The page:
Nate Pearson, RHP, Blue Jays: The hard-throwing Pearson is MLB ready. But service time considerations could keep him off the main roster for a couple of weeks as the Jays look to balance long-term viability with the potential for a win-now approach in a shortened season. Pearson can hit 100 mph with movement and throws four pitches for strikes. Toss in a work-horse frame and you have a true frontline talent if he stays healthy.
Brendan McKay, LHP, Rays: There is talk that McKay may not break camp with the Rays because he came in late and there is decent depth ahead of him. I’d be shocked if he’s not with the big league club within a week or two of the season beginning given that the Rays will want to get off to a strong start to try and keep up with the Yankees. McKay isn’t overpowering but he hits 95 mph with his heater and shows four average-or-better offerings with above-average control. He’s also been a two-way player so he may even better as he focuses (almost) solely on pitching.
Jo Adell, OF, Angels: As we approach the season, the Angels have yet to tip their hand with Adell. More than likely, he’ll open the year working with the secondary roster while Brian Goodwin gets an opportunity to play every day. But Adell shouldn’t be down for long after showing he was close to big-league ready in 2019 before getting hurt. He was on pace for a 20+ home run season before injuries struck and he has impressive raw power that he’s finally getting to on a consistent basis. Adell has good speed but has never been much of a base stealer. Instead, the speed helps him post strong BABIP results which give his batting average a consistent boost and help offset the high strikeout rates he’s posted (which are of minor concern).
Sean Murphy, C, Athletics: If Murphy can stay healthy — something he’s had issues with in recent years — he has a chance to provide above-average power at the plate. He really found his in-game pop in 2019 with 10 home runs in 120 at-bats in Triple-A and then another four in 53 big-league at-bats. He’s also been a .280+ hitter with a strong understanding of the strike zone in the minors.
Nick Solak, IF/OF, Rangers: If he can find regular playing time (and the Willie Calhoun injury helps), Solak has a chance to be an above-average offensive player. And his ability to move all over the diamond only increases his fantasy value. He’s been an above-average hitter at every single stop he’s made in the minors and has really tapped into his raw power over the past two years. After going deep 19 times in 2018, Solak slugged 32 home runs between two Triple-A stops and the Majors in 2019. He’s also a good base runner and has a chance to offer 10+ steals in a full season. His strong walk totals make him a potential beast in on-base leagues.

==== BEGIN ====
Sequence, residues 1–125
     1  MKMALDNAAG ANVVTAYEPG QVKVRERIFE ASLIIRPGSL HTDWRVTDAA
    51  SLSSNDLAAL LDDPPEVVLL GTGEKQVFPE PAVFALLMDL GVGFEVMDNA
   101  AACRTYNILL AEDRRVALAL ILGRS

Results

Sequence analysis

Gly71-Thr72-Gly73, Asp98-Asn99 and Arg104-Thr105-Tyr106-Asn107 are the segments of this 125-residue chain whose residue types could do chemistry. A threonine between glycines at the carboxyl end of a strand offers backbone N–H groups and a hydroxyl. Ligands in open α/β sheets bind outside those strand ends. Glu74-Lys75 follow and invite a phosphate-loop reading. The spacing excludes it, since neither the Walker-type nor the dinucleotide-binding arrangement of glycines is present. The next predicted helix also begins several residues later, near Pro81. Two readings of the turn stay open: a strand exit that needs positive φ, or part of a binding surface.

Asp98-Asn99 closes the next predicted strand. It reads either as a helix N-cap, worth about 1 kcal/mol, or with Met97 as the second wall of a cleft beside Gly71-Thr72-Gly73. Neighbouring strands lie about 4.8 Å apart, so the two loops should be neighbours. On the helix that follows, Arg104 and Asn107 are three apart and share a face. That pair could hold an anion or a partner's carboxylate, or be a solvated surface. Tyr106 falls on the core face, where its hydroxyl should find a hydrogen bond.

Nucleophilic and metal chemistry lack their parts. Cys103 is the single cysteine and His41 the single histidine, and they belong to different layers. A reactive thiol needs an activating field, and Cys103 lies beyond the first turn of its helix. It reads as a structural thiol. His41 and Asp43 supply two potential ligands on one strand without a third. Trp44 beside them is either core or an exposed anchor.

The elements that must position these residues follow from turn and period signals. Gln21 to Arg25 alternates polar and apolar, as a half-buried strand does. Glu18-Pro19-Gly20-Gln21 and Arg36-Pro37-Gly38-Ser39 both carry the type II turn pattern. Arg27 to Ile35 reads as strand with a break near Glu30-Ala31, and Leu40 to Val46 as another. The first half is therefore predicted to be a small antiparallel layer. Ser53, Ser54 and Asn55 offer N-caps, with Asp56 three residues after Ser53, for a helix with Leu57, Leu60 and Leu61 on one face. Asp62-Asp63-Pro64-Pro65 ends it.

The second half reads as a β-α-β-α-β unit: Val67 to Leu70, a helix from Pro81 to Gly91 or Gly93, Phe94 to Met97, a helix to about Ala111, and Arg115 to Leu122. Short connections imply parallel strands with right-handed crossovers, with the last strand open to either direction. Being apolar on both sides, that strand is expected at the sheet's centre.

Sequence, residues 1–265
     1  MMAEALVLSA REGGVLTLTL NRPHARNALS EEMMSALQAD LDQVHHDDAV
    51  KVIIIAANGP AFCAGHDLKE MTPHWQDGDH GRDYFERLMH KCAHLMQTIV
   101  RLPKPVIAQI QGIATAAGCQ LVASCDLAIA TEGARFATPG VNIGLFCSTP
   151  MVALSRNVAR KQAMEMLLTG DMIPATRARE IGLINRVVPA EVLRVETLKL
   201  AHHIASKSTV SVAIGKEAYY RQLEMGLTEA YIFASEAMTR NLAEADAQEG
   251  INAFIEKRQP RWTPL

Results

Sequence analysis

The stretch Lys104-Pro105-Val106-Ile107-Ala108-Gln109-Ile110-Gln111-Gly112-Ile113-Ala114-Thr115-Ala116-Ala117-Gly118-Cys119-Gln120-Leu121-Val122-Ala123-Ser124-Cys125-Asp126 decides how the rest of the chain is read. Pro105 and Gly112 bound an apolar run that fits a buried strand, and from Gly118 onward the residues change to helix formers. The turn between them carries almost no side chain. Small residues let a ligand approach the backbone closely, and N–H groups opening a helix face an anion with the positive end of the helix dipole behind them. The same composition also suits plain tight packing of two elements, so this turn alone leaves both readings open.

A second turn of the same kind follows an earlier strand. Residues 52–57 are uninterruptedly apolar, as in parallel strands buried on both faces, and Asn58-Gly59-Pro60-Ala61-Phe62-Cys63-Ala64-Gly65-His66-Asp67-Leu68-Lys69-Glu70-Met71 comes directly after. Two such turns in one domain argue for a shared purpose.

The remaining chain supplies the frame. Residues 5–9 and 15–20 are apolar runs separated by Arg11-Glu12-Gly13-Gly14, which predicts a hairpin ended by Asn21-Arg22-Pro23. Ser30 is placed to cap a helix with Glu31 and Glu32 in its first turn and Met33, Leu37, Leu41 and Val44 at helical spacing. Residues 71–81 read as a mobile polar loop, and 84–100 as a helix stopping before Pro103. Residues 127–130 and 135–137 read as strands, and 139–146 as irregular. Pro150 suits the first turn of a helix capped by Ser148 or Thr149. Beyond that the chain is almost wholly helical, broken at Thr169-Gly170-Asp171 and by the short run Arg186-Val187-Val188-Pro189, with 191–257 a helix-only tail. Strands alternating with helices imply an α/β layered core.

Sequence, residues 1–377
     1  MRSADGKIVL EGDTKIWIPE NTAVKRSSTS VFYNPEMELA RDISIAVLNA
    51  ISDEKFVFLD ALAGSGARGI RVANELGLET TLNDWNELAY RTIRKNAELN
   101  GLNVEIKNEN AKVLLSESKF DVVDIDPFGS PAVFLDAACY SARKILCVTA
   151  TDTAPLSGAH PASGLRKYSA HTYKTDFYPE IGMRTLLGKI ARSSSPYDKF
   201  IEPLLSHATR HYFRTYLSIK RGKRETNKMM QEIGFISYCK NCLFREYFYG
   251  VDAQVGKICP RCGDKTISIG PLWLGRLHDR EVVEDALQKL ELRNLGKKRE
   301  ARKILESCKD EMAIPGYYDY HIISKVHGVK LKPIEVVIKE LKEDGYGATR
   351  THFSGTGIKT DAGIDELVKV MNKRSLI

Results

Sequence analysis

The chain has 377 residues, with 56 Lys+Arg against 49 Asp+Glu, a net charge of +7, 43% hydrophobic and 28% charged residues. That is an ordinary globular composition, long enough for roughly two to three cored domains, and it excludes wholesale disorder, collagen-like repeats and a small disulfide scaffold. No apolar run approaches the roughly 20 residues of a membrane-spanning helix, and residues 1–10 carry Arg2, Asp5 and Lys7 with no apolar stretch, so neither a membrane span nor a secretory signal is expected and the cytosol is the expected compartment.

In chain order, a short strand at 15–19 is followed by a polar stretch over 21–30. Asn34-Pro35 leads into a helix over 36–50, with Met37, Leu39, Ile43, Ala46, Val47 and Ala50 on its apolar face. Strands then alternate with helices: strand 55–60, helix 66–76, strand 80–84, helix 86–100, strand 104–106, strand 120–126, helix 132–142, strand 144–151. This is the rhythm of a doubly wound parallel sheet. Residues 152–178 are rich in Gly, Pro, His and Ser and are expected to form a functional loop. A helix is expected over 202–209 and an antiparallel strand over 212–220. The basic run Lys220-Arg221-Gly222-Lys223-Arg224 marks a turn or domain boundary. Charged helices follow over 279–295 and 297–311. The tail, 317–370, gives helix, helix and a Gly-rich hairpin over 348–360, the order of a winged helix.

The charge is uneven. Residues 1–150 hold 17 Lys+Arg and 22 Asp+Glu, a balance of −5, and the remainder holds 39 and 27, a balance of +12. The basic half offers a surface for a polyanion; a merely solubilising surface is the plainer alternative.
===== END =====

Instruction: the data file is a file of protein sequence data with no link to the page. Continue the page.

Evan White, 1B, Mariners: White has moved up significantly on the Top 50 list since March. The Mariners are committed to giving him everyday at-bats and he’s made key adjustments to his swing. White has looked good in Summer Camp while getting used to the changes that have seen him hit more balls in the air and fewer on the ground — a trend that started to improve during the 2019 season at Triple-A when he hit a career-high 18 home runs. White may never be a true “slugger” at first base but 20+ home runs with a chance at hitting .290+ make him an interesting player.
Dustin May, RHP, Dodgers: Even with the injury bug hitting the starting rotation in Summer Camp, the Dodgers remained poised to have some of the best starting pitching depth in the league — which means May could start the year in the rotation — or even on the secondary roster. But even with its depth, the Dodgers rotation is brittle so this young hurler should get an opportunity to prove himself before too long. His combination of stuff and plus command/control gives him a high ceiling — and the strong offensive support won’t hurt, either.
Jesus Luzardo, LHP, Athletics: This young southpaw was previously within the Top 10 but his start to the season could be delayed after he contracted the new coronavirus. When he gets back up to full strength, Luzardo has the weapons to pile up strikeouts and, in general, overpower MLB hitters. The big question is: How good the offense will be and will pitchers like Luzardo and A.J. Puk have runs on the board to work with and help them pile up some wins?
A.J. Puk, LHP, Athletics: Like Luzardo, Puk is expected to throw key innings for the A’s in 2020. However, he’s also thrown just 36.2 competitive innings over the past two and a half seasons. How much rust will he have? How durable will he be? Puk has a sky-high ceiling but how also comes with a lot of question marks.
Brendan Rodgers, SS, Rockies: Another wildcard thanks to injury, Rodgers showed last season that he has nothing left to prove in the minors. However, a very serious shoulder injury derailed the second half of his 2019 season. If he bounces back with no ill effects — and if manager Bud Black actually trusts him with regular playing time — then Rodgers could be a serious threat with the bat with the ability to hit for both power and average.
Nick Madrigal, 2B, White Sox: We've heard a lot of hype out of camp about Luis Robert, but the Sox have yet to tip their hand on their plans with Madrigal. He's an intriguing prospect who should eventually hit .300 with 20-30 steals in a full season but he also managed just 36 extra-base hits in 2019 while playing at three levels over a 120-game season. He may need to get a little stronger before he's ready to consistently face big-league pitching.